Land pollution is the long term damage, degradation or destruction of the soil and the surface of the earth by the direct or indirect activities of human beings.
Several factors encourage the activities resulting in land pollution. Waste generation is an inevitable end product of several human activities. An unwanted consequence of urbanization is the generation of huge amounts of garbage and industrial waste from factories, offices, homes, schools and hospitals. In spite of the utilization of sophisticated waste processing plants, unrecyclable items still end up in landfills, increasing the degree of land pollution.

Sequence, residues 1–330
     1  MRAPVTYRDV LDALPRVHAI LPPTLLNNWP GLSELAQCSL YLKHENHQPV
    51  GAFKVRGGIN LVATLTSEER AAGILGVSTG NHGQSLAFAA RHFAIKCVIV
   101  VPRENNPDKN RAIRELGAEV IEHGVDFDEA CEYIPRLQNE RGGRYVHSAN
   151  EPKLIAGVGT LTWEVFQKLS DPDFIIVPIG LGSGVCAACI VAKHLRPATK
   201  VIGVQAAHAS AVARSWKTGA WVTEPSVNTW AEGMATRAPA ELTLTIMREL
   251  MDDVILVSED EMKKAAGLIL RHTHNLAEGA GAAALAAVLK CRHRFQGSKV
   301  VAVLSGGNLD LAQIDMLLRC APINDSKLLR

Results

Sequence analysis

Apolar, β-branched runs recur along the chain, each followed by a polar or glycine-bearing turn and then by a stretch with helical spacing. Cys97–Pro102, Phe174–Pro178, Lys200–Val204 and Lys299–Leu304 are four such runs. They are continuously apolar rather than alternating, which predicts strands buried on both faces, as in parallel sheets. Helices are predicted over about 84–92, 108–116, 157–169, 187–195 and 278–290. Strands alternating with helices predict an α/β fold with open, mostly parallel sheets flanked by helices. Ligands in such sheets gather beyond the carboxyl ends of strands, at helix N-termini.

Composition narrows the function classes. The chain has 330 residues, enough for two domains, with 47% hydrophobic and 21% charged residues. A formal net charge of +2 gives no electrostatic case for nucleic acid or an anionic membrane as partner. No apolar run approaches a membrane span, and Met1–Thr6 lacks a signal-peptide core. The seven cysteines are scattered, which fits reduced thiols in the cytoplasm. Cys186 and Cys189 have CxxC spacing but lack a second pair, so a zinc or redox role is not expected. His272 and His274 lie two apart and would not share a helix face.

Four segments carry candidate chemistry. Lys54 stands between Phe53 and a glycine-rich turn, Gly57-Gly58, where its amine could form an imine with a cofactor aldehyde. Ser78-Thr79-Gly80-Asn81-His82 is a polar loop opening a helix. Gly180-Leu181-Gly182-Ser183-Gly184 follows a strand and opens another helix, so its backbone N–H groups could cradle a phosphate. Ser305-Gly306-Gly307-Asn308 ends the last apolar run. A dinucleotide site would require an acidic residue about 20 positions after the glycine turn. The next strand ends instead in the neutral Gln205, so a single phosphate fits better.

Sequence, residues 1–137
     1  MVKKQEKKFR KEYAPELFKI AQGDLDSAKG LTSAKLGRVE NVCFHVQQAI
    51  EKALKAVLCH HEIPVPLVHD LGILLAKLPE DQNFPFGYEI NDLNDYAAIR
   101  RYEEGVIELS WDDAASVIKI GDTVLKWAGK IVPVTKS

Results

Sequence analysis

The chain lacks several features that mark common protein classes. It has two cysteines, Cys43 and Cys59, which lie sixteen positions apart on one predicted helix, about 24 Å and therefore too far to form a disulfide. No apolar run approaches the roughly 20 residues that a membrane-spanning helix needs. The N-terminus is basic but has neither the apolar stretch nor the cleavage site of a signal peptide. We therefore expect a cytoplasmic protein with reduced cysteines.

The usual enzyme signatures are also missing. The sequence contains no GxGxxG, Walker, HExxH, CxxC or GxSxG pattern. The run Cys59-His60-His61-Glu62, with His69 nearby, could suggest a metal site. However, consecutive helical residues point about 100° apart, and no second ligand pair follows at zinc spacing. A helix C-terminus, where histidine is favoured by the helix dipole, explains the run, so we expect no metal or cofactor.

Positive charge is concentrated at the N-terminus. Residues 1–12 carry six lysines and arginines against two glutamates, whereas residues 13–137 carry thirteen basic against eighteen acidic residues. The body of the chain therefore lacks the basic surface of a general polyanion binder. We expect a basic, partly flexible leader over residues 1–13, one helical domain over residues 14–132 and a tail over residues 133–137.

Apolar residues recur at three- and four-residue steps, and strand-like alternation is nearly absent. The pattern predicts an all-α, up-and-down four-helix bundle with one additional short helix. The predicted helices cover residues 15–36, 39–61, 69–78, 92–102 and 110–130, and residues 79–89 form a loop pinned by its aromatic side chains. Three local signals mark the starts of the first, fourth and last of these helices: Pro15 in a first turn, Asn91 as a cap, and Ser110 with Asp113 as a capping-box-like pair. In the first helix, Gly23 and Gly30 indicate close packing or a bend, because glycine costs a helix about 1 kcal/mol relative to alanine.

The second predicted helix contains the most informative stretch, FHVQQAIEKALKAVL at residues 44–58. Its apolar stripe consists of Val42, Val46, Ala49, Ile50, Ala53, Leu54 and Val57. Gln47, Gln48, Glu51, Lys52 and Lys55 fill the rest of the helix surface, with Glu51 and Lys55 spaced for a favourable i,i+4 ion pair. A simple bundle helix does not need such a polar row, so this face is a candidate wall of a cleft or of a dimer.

An increase in demand for food and shelter to meet the needs of a growing population leads to the generation of more waste. Over-intensive agriculture through the use of agricultural pesticides and fertilizers lead to soil contamination and poisoning.
Mining activities and crude oil extraction for economic gains lead to oil spillage and contamination of arable land by toxic chemicals causing land pollution. Nuclear waste produced by energy generating nuclear plants are buried beneath the earth, but the harmful effects of radioactive material to the soil and other living things above it cannot be entirely eliminated.